Archive for Thursday, July 31, 2008

Attitude change should remain as gas prices fall

July 31, 2008

In the past two weeks, the steady increase in gas prices has started to abate to the point that motorists have been treated to the welcome sight of actual lower pump prices.

For some time, experts have said supply and demand didn't fully explain the constant increases in crude oil prices that flowed down to pumps. It would be a comfort if the falling prices reflect a rational market-driven pricing structure and are not just a temporary respite.

The falling gas prices are welcome, but the higher gas prices did bring focus to the need for long-term energy policy solutions. Should declining prices stay with us, it is hoped they don't put an end a change in attitudes and creative thinking that accompanied the latest round of fuel price inflation. In far-reaching response, municipalities and county officials nationwide suddenly became interested in providing additional transit alternatives as the public increasingly made use of what was available. There was a realization among automobile manufacturers of the need to offer far more fuel-efficient vehicles or those powered by alternatives to the internal combustion engine. Again, that was a response the public's unwillingness to invest in the gas-thirsty behemoth so much in recent demand. Finally, there have been sudden calls for development alternative energy electrical power and renewed debate of expanding domestic oil production.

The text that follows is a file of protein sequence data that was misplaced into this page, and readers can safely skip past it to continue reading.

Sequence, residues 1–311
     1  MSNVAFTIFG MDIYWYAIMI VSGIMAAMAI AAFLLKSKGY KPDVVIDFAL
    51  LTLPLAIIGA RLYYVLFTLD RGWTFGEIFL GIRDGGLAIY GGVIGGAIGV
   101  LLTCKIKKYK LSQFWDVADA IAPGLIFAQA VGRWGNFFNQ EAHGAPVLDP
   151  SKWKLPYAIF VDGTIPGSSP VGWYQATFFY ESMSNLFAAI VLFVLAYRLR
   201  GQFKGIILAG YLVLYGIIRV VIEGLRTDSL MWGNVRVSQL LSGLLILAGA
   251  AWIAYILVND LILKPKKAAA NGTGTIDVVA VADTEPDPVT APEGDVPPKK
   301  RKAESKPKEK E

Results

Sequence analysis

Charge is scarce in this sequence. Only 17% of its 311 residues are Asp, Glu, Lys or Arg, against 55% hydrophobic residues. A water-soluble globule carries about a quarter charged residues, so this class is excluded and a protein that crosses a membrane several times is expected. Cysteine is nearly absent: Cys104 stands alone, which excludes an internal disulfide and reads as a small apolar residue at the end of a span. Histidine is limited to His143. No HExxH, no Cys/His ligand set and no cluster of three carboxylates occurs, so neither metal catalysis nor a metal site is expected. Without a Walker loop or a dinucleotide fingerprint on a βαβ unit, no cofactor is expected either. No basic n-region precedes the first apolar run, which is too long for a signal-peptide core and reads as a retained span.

All these developments, although tenuous, should be welcome even as we cheer falling fuel prices. That the ideas started to surface suggests that we crossed a threshold somewhere between $3- and $4-a-gallon gasoline at which it was collectively understood changes had to occur. It was a threshold that encouraged something of a crisis response where creative thinking and new attitudes were embraced. Prices may drop below that threshold again, but it would be foolish to believe that would be anything but temporary and a mistake to turn away from a crisis like view that encourages innovation and development of long-term solutions.

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